Texas Panhandle readies for 'Great American Eclipse'

Last Updated by Mike Smith on

The Great American Eclipse arrives on Aug. 21.

A total solar eclipse will cross the United States from coast to coast. It is the first total solar eclipse to enter the continental U.S. in four decades, and the first time a total eclipse has moved from coast to coast since 1918.

In the Texas Panhandle, about 80 percent of the sun will disappear. That won't bring darkness, but it certainly will bring a spectacle that will draw eyes skyward.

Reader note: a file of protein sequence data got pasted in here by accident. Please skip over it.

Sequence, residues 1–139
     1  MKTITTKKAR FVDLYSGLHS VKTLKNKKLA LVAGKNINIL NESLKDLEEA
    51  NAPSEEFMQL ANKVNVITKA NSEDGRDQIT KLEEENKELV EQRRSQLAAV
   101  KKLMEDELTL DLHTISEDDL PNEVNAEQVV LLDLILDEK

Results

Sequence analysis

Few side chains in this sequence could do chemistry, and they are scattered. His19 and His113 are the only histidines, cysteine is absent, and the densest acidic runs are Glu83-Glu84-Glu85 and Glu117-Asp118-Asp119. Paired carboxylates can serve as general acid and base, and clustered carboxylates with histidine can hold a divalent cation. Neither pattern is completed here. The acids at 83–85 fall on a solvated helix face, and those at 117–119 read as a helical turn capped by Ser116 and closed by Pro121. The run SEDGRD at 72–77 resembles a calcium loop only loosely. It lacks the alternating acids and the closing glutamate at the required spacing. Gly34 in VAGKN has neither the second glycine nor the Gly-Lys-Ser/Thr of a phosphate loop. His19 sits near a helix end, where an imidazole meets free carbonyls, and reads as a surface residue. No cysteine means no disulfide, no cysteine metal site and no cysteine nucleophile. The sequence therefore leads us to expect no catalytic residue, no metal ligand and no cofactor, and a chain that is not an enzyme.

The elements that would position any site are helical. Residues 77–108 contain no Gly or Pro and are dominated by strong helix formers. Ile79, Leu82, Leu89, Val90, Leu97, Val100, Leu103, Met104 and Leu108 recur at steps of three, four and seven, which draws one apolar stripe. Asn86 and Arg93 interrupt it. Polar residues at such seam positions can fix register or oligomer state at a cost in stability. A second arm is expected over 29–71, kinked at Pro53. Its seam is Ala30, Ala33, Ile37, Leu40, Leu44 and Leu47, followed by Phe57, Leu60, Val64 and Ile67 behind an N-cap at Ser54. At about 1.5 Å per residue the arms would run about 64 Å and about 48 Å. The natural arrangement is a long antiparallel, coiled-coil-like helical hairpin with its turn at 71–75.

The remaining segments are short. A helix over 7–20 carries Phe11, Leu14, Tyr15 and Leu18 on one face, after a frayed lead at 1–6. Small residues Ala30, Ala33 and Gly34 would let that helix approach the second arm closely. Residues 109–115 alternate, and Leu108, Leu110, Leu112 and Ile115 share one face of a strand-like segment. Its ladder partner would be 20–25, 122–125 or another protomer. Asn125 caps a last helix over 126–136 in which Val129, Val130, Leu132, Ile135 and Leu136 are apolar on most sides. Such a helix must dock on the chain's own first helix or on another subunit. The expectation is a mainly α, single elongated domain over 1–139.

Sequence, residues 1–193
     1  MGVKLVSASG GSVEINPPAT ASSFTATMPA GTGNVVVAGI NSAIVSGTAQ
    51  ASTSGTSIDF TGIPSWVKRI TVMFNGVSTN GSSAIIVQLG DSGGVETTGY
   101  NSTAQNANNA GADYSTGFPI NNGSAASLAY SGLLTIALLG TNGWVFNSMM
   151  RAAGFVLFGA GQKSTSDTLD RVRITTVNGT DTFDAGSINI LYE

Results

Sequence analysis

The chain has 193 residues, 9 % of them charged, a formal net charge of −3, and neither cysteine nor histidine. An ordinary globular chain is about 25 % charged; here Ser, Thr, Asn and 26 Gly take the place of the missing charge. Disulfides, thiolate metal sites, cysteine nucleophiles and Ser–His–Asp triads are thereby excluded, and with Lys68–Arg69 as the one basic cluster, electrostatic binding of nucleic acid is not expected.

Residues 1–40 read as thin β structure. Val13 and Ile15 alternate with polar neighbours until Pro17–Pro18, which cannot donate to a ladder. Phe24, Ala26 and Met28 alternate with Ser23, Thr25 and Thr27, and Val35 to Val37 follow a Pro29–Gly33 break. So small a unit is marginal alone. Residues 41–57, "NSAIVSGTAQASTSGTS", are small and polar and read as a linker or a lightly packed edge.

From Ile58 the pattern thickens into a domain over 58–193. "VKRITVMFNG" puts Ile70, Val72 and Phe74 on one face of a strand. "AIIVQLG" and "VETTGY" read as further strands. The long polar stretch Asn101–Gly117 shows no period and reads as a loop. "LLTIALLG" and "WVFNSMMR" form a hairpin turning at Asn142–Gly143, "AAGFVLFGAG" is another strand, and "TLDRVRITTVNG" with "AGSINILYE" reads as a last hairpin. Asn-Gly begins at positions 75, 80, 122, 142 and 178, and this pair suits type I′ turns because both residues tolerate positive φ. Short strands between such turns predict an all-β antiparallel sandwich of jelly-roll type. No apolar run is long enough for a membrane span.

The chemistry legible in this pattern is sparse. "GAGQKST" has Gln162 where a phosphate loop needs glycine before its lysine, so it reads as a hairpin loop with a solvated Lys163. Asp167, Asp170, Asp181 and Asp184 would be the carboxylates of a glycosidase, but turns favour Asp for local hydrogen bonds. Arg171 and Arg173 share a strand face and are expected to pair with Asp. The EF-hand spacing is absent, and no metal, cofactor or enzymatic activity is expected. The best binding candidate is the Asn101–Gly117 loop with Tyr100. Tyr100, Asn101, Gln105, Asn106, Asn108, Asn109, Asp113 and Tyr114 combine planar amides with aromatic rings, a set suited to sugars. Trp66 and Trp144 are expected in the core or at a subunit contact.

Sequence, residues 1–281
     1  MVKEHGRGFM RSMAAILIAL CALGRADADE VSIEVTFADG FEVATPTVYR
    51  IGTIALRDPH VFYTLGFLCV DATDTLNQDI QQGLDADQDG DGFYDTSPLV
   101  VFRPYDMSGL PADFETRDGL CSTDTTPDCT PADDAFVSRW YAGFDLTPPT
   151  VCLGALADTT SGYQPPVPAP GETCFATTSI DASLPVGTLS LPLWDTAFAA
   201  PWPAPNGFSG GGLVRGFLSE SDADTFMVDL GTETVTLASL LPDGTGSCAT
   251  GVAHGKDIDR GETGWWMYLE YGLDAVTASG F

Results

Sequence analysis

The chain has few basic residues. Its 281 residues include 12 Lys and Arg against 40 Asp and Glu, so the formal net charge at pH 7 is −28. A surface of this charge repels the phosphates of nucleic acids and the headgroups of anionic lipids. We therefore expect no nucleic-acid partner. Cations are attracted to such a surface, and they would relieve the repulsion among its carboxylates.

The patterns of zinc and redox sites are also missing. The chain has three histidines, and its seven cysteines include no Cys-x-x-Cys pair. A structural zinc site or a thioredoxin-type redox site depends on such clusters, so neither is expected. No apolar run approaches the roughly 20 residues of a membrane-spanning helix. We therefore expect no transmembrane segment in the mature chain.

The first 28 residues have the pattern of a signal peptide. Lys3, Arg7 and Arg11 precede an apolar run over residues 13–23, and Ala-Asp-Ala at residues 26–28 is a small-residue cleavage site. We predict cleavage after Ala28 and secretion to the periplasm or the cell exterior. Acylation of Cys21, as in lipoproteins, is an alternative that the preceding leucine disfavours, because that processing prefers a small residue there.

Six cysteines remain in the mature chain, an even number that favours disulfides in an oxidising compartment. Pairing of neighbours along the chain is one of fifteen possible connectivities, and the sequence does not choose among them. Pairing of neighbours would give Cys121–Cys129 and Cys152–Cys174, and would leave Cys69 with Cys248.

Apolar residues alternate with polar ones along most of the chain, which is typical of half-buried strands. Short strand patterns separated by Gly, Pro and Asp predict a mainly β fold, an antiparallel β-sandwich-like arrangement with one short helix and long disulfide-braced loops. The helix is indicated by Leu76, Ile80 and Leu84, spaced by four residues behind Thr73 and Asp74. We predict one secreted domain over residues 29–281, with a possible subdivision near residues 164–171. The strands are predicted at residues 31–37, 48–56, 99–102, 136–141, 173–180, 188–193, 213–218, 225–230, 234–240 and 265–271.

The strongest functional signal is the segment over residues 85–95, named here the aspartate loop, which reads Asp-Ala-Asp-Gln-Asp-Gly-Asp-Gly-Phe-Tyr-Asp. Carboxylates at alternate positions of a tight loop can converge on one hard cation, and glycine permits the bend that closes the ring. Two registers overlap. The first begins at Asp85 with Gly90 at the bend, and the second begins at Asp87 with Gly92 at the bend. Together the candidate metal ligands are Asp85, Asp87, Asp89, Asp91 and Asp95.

Watch out, say Neal Nossaman, an optometrist with Broome Optical, and Amarillo College photography instructor Brent Cavanaugh. Looking at the sun on a regular day anyway is damaging, and the temptation to look at the slowly vanishing sun makes eclipses more dangerous.

Eyes and cameras must be protected with properly-shaded glass or special glasses.

Learn more:

 

Mike Smith is a digital content producer for Panhandle PBS. Contact him at mike.smith@actx.edu, on Twitter at @newsmithm and on Facebook.

 

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